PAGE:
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Death of a plan member

A death benefit can be paid following the death of a person who contributed to a supplemental pension plan. In most cases, the benefit is payable to the member's spouse. However, he or she may renounce the amounts to which they are entitled following the death of the plan member.

Important

See the definition of spouse to find out which conjugal statuses are recognized under various supplemental pension plans.

Statement of benefits and person to contact

The plan administrator has 60 days following the date on which he or she was informed of the death to issue a statement of benefits to the person who is entitled to the death benefit. The statement provides information concerning the death benefit.

For more information concerning payment of the death benefit, contact the deceased member's plan administrator. The contact information of a resource person can be found on the statement. Otherwise, our Pension Plans supervised by Retraite Québec tool can provide you with the name and address of the pension plan administrator's representative.

Amount of the death benefit and terms of payment

The member dies before his or her retirement

The amount of the death benefit must be equal to the amounts credited to the member's account (member contributions, employer contributions, and additional voluntary contributions, including interest). However, the plan is not required to include the employer contributions paid before 1 January 1990, with interest.

The death benefit is paid in a lump sum. However, if the benefit is payable to the surviving spouse, the plan may provide that it be paid in the form of a pension. If he or she renounces the death benefit or if the deceased member did not have a spouse, it will be paid to the designated beneficiary or to the deceased member's heirs.

The member dies during his or her retirement

If the member died while he or she was receiving a pension under the plan, the surviving spouse is entitled to a pension for life, which is called a joint and survivor pension and must be equal to at least 60% of the pension that the deceased member was receiving, unless the surviving spouse had agreed to receive a smaller amount. To qualify for the pension, a person must have been the deceased member's spouse when the member retired or, if the plan so provides, when the member died.

If the surviving spouse renounced his or her entitlement, the amounts payable following the death of the member will depend on the normal pension provided for under the plan and the options that the member had  chosen.

Death of the member's spouse

If the member's spouse dies before the member, the member's pension will not be increased. However, if the member had opted for a joint and survivor's pension reduced upon first death, the member's pension will be reduced.

The member dies before his or her retirement

The amount of the death benefit is at least equal to the value of the benefits that the member had accrued under the pension plan since 1 January 1990.

For credited service under the plan before 1 January 1990, the amount of the death benefit must be at least equal to the member contributions, additional voluntary contributions (if any) plus accrued interest up to the date on which the benefit is paid. The plan is not required to include the employer contributions.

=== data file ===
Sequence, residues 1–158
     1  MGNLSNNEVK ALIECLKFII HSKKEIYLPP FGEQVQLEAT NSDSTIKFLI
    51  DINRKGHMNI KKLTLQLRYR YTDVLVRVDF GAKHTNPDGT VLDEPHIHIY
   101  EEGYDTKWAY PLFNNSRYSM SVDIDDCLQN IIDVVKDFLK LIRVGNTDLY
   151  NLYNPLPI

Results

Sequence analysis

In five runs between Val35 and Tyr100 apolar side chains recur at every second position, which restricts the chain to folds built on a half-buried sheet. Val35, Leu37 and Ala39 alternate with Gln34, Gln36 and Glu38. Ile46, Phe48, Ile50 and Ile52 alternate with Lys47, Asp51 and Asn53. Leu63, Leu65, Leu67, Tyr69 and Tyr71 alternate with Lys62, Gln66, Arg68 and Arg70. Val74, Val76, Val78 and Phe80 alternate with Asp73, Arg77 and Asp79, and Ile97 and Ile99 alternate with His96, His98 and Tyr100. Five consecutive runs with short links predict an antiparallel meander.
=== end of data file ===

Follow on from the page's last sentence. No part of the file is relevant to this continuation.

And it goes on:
The death benefit is paid in a lump sum. However, if the benefit is payable to the surviving spouse, the plan may provide that it be paid in the form of a pension. If he or she renounces the death benefit or if the deceased member did not have a spouse, it will be paid to the designated beneficiary or to the deceased member's heirs.

The member dies during his or her retirement

If the member died while he or she was receiving a pension under the plan, the surviving spouse is entitled to a pension for life, which is called a joint and survivor pension and must be equal to at least 60% of the pension that the deceased member was receiving, unless the surviving spouse had agreed to receive a smaller amount. To qualify for the pension, a person must have been the deceased member's spouse when the member retired or, if the plan so provides, when the member died.

If the surviving spouse renounced his or her entitlement to a joint and survivor pension, or if the deceased member did not have a spouse, the amounts payable following the death of the member will depend on the normal pension provided for under the plan and the options that the member had chosen.

Death of the member's spouse

If the member's spouse dies before the member, the member's pension will not be increased. However, if the member had opted for a joint and survivor's pension reduced upon first death, the member's pension will be reduced.

The deceased member's spouse will receive the total of the amounts credited to the locked-in and not locked-in accounts. If the spouse had renounced the death benefit, the amounts will be paid to the designated beneficiary or to the deceased member's heirs.

The amounts are payable in a lump sum. Where tax rules allow, it can be to your advantage to transfer the amounts directly to a registered retirement savings plan (RRSP) or to a registered retirement income fund (RRIF). For more information on this subject consult the Canada Revenue Agency website or call them at 1 800 959‑7383.

What are the first steps to take in the event of death?

Following the death of a family member, it is important to notify Retraite Québec as soon as possible. Consult our Action to take in the event of death section for further information.

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